Have you ever thought about to how you breathe? I don’t necessarily mean in a moment of panic during a WOD while you gulp air like a fish out of water. I mean thinking about and practicing how you breathe as a regular part of your training?
I began incorporating nasal breathing into my training earlier this year. Twice a week, during the active part of my warm up (when I’m getting my heart rate up), I choose to breathe only through my nose. It might look like this:
3 rounds of:
10 muscle snatch (empty barbell)
10 overhead squat (empty barbell)
During this warm up, I try to do it “for time,” knowing that the nature of nasal breathing will dictate how fast I am actually able to go. If my mouth drops open, I need to pull back. But I fight to keep my mouth closed. As I work my way through three rounds, I find that my lungs expand, I can tolerate going harder while breathing nasally, and that panicky feeling of “I can’t get enough air!” subsides.
But why put yourself through all that, you may wonder? Well, check in right now while you’re reading this – are you breathing with your mouth open? Do you ever pause between breaths? Did you recognize yourself in the opening paragraph, as someone who regularly finds themselves gasping for air during your workouts? If this sounds like you, hang in with me while I try to explain the science behind it.
The problem lies not in a shortage of oxygen, but a poor delivery of it.
CO2 is the delivery system for oxygen to get to our cells and muscles doing work. The chemical relationship between oxygen and carbon dioxide is explained by The Bohr Effect. It states that increased levels of CO2 leads to increased release of O2 by hemoglobin. So more CO2 in your system means more O2 gets to your working muscles.
However, if you don’t have a high tolerance for CO2, it triggers you to breathe too much, or at too fast a rate. We wind up eliminating too much carbon dioxide, which means less CO2 is available to carry oxygen, which means we can do less work…and then we find ourselves on a vicious loop of gulping for air and feeling like we can’t get enough all at once.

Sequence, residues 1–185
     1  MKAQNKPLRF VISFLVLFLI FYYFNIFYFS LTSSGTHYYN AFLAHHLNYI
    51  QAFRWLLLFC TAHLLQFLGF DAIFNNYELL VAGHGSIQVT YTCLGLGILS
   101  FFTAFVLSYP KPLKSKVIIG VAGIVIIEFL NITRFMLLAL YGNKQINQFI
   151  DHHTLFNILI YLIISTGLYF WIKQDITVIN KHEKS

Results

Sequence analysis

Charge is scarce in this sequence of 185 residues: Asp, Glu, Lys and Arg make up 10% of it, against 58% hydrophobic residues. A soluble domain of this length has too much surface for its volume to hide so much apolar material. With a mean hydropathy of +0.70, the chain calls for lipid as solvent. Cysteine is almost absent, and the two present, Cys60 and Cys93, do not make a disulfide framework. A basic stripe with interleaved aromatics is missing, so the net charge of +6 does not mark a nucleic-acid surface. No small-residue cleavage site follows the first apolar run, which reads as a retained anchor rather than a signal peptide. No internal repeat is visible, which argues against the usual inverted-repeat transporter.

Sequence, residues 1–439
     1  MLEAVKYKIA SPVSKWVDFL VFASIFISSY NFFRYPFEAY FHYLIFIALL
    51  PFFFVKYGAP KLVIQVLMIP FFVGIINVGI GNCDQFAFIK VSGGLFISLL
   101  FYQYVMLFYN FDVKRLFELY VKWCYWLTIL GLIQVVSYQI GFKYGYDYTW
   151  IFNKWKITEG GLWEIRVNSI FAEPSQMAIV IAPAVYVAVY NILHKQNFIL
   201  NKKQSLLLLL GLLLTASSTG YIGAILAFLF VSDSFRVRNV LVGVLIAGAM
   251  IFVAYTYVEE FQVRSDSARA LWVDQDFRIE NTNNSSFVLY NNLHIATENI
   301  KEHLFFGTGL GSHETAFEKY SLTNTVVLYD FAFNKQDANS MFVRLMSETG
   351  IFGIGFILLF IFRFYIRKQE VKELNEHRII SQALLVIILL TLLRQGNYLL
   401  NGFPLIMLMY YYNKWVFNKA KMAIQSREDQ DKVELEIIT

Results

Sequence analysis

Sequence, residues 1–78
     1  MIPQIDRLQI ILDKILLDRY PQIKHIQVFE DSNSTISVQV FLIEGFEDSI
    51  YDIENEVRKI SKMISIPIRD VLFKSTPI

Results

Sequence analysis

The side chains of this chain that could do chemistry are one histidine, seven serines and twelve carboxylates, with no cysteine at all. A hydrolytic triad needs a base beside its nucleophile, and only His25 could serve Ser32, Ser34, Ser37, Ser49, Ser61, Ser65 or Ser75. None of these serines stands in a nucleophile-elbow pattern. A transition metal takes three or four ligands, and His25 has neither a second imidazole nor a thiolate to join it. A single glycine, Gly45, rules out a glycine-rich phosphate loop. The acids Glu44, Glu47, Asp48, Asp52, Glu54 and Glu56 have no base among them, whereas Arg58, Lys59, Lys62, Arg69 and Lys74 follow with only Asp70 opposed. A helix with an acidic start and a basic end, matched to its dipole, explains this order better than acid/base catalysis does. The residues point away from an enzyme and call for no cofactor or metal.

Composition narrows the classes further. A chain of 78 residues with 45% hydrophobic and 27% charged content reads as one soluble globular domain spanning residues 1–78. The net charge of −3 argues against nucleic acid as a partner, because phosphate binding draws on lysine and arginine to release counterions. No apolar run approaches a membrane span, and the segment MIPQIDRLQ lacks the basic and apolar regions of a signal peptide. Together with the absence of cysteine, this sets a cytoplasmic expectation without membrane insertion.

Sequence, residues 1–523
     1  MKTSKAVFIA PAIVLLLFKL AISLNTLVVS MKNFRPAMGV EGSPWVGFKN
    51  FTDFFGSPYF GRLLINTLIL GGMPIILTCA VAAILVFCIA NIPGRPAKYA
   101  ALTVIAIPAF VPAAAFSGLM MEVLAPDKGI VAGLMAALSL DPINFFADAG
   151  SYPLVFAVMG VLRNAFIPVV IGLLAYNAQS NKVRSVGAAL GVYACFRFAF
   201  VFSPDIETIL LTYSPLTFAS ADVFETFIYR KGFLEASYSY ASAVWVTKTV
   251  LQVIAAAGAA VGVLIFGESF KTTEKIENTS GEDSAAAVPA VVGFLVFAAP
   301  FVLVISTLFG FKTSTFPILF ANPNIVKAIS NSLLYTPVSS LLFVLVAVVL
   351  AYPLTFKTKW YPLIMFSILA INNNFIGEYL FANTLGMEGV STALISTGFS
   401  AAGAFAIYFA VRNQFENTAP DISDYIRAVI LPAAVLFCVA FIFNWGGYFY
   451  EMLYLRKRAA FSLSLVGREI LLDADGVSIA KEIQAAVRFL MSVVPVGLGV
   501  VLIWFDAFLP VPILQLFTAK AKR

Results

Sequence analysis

So how does nasal breathing factor into all of this?
There are many reasons why nasal breathing is beneficial, and some of those have nothing to do with exercise. Nasal breathing reduces stress, helps us tap into the parasympathetic nervous system (which promotes recovery), and triggers the delivery of nitric oxide – which helps us fight viruses (I’m looking at YOU Coronavirus!), strengthens our immune system, and is a vasodilator, which increases circulation and lowers our blood pressure.
However, if none of these are reason enough for you, then try this – nasal breathing will help you become fitter over time. The fact is that nasal breathing practice increases your tolerance for higher levels of CO2. The higher your tolerance of CO2 you have, the better oxygen will be delivered to your working muscles, which translates into being able to do more work. And fitness is just that – increased work capacity across broad time and modal domains.
Convinced? Curious? Start slowly and build your tolerance. As I mentioned above, I practice nasal breathing during warm ups. Tomorrow, during the class warm up, I challenge you to give it a try! See what you think! And I’d love to hear how it went in the comments.
CrossFit Invictus did a great series on this topic. Here are links to those articles if you want a deep dive.
Also, for those interested in some other health benefits of nasal breathing check out:
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